Radio AM to FM: June 6, 2003
The Federal Communications Commission voted to relax media ownership rules last Monday, and while the rule changes focus primarily on newspapers and television stations, there will be a few changes in store for radio.
If the rules stand, that is. It appears that some members of Congress took thousands of complaints lodged by the public at least somewhat seriously, and are threatening to block the rule changes through a variety of means from a full veto (actually called a Resolution of Disapproval) to a bill that would reverse the ruling.
Of course that should all be taken with a grain of salt, considering that the whole problem began with Congress and the Telecommunications Act of 1996, which mandated that the FCC review its rules every two years and repeal or modify any that cannot be defended as needed for competition.
If the rules stand, among other things, Infinity wins and Clear Channel loses. Infinity wins because the new rules allow for a company to own two television stations in a market the size of Los Angeles in addition to eight radio stations. Former rules called for a total of eight combined radio and TV stations; the change means that Infinity doesn't have to sell KFWB (980 AM) after all.
Clear Channel loses because the FCC will now count local marketing agreements (LMAs) toward the cap. LMAs are agreements in which one company programs and markets a station for another owner and is the method which Clear Channel uses to control the programming of 14 stations or so in the San Diego area.
Additionally, another rule change affects how a station is counted in a market. Old rules said out-of-town signals -- even weak ones -- can be counted toward the total number of stations in a market. The new rules are based on geography, so Clear Channel could no longer own every commercial station in a particular market as it does in Minot, North Dakota, for example.
Of course the rules grandfather-in any existing condition, so the rule changes won't mean companies would have to sell anything; they just can't do it again.
Could Have Been Worse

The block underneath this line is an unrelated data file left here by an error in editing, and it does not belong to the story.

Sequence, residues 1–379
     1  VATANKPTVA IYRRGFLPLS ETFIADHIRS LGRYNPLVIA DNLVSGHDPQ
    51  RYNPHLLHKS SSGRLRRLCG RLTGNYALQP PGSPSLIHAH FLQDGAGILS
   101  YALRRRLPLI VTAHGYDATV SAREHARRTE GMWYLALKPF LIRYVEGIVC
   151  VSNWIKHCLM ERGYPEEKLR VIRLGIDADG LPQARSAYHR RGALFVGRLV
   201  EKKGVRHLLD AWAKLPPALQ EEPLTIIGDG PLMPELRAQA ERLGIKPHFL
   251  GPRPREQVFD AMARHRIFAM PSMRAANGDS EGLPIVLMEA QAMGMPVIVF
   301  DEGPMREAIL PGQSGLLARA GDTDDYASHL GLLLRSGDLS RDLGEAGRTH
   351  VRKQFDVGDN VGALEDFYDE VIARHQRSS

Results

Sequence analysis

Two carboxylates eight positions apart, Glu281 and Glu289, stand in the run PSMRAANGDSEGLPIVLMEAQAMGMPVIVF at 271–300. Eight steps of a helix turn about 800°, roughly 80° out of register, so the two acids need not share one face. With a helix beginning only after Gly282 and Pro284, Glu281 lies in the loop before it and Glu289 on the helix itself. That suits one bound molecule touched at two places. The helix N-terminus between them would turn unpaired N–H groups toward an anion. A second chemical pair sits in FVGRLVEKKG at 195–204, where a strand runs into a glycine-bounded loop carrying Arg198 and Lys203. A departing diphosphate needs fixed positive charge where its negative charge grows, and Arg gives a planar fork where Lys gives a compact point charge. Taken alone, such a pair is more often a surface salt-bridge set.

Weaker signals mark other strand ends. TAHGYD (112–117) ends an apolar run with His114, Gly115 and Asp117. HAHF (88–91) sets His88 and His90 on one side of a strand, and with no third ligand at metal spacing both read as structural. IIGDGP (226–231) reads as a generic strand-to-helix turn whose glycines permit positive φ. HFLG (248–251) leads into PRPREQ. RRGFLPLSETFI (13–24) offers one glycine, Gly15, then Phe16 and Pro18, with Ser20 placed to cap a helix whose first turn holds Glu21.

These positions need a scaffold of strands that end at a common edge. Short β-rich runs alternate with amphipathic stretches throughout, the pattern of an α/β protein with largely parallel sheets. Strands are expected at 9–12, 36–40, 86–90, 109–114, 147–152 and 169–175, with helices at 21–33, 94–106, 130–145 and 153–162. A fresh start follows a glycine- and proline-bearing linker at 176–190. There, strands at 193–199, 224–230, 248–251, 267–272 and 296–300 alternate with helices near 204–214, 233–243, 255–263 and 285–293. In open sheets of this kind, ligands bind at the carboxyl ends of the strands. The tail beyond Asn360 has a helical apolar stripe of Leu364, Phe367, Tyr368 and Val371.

The FCC had been considering a rule change that would have allowed ten radio stations to be owned in a market the size of Los Angeles -- as long as 60 stations remained. That idea has been dropped for now.
Clear Channel president Mark Mays released a statement stating that the company is "deeply disappointed" with the FCC vote, and that the commission "chose politics over the public interest."
Sorry, Mark, you're too late with that statement -- they (and Congress) did that in 1996. Or is that what you're referring to?
Last week's question from T. A. Bross regarding a station that played music from the '30s, '40s and '50s brought no less than eight e-mails suggesting that he probably meant KGRB (now KALI, 900 AM) and/or KBOB (now KRCV, 98.3 FM). The stations were co-owned by Robert Burdett and his wife Georgia, at least until their divorce when Georgia got the FM and Robert got the AM. Family infighting caused him to lose control of KGRB just before Mr. Burdett's death, and the station went Spanish in 1996.
Bob Stone and Gary Floyd were among the air personalities, and while the broadcasting equipment was called "antique" by those who saw it, it perfectly matched the era of recordings they played ... including transcriptions of original network big band broadcasts. As reader Lyle Whited of Torrance pointed out, the stations "had a record collection that would make Chuck Cecil envious."
Copyright © 2003 Richard Wagoner and The Copley Press.
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